“The Return of the Prodigal Son,” by Ary Scheffer (1795-1858), oil on panel, 1857, part of the Wallace Collection, London, England.

Spiritual Life

CONNIE ROSSINI: Forgiveness is an indispensable part of prayer

In our study of the Catechism’s exposition of the Our Father, we have come to the last two petitions. We begin today with “And forgive us our trespasses …”

The Catechism directs us to keep this petition in the context of the entire prayer. “With bold confidence, we began praying to our Father. In begging him that his name be hallowed, we were in fact asking him that we ourselves might be always made more holy. But though we are clothed with the baptismal garment, we do not cease to sin, to turn away from God. Now, in this new petition, we return to him like the prodigal son and, like the tax collector, recognize that we are sinners before him.  Our petition begins with a ‘confession’ of our wretchedness and his mercy. Our hope is firm because, in his Son, ‘we have redemption, the forgiveness of sins’” (no. 2839).

As sons and daughters of God, we are called to be holy and to be a sign for others of God’s holiness. If we fall – and we all do – is everything lost? Is it hopeless to think that God’s will could ever be done on earth?

No. Christ redeemed us from sin. We hope not in our own goodness, but in his. It is Christ’s holiness that we hold up as the standard. It is he, as true man, who fully hallows God’s name and fulfills his will. Jesus invites us to become one with him, so that God’s will may be done in our lives. Sin should not lead us to despair, but to hope in God’s mercy. Our Father is the Father of the prodigal son. The sacraments, particularly reconciliation, give us confidence in God’s mercy (ibid.).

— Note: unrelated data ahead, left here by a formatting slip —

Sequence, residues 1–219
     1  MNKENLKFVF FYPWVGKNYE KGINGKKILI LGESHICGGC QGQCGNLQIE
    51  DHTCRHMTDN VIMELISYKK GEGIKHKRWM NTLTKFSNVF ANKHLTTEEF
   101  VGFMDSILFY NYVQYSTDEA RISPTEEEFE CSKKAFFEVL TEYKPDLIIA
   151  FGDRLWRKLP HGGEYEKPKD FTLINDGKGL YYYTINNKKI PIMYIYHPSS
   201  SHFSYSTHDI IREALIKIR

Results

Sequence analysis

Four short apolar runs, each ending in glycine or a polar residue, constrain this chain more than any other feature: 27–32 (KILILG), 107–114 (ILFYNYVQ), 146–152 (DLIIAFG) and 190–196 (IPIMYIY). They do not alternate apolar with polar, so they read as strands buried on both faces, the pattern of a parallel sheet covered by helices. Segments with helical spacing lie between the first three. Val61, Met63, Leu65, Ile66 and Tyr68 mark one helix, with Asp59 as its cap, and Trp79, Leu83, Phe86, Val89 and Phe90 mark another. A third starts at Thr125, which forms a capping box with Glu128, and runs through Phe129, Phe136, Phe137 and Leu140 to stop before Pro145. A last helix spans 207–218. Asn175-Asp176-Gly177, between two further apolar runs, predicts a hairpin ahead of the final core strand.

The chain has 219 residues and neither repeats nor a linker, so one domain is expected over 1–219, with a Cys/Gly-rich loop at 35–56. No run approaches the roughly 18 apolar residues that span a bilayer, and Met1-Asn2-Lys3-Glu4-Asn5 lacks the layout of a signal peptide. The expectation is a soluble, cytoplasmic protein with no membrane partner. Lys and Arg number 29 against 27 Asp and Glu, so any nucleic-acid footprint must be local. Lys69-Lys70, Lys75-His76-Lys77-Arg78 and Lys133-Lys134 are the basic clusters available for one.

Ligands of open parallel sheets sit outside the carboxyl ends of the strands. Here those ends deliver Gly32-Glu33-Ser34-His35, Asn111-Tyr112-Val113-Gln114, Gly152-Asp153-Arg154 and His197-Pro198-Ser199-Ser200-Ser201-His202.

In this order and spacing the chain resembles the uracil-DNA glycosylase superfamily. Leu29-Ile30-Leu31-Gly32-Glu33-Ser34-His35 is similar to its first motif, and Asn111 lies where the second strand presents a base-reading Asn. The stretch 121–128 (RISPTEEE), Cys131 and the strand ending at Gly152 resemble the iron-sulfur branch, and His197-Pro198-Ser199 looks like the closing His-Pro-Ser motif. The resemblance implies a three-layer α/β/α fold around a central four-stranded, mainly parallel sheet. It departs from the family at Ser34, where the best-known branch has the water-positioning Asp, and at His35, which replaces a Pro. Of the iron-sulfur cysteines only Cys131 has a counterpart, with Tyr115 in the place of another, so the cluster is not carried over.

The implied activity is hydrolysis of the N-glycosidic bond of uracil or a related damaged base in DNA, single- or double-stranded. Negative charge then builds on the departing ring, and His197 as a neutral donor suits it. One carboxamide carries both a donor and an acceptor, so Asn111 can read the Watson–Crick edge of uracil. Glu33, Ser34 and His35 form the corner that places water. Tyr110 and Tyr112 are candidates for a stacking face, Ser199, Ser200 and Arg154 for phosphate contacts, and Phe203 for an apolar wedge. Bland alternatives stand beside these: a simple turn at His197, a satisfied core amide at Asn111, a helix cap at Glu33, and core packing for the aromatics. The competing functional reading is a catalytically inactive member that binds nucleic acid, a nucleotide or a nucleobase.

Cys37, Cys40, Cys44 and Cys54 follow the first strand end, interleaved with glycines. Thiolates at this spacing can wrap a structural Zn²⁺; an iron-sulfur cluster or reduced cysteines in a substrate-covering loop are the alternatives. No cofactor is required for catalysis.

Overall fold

Still, God places a condition on forgiveness, “… as we forgive those who trespass against us.” Jesus commands us to love others as he loves us (Jn 13:34). This is only possible for hearts transformed by Christ. “It is not in our power not to feel or to forget an offense; but the heart that offers itself to the Holy Spirit turns injury into compassion and purifies the memory in transforming the hurt into intercession” (CCC, no. 2843).

When we recognize our own sinfulness, our helplessness to save ourselves, we begin to extend to others the compassion we have received. The Holy Spirit within us calls out “Abba, Father” to God (Rom 8:15). This same Spirit gives us the power to see others as brothers and sisters. “Forgiveness is the fundamental condition of the reconciliation of the children of God with their Father and of men with one another” (CCC, no. 2844).

Even as Jesus carried out our redemption upon the Cross, he forgave those who crucified and mocked him. “While we were yet sinners Christ died for us …  while we were enemies we were reconciled to God by the death of his Son …” (Rom 5:8, 10). If we are truly one with Christ, we will likewise extend forgiveness to our enemies. “There is no limit or measure to this essentially divine forgiveness” (CCC, no. 2845).

Forgiving others is essential for union with God in prayer. “God does not accept the sacrifice of a sower of disunion, but commands that he depart from the altar so that he may first be reconciled with his brother. For God can be appeased only by prayers that make peace” (no. 2845). The kingdom that we pray for can never come until we fully repent of our sins and seek reconciliation with others.

Connie Rossini is a member of St. Peter Parish in Omaha. She is the author of “The Q&A Guide to Mental Prayer,” now available at amazon.com, and five other books on Catholic spirituality.

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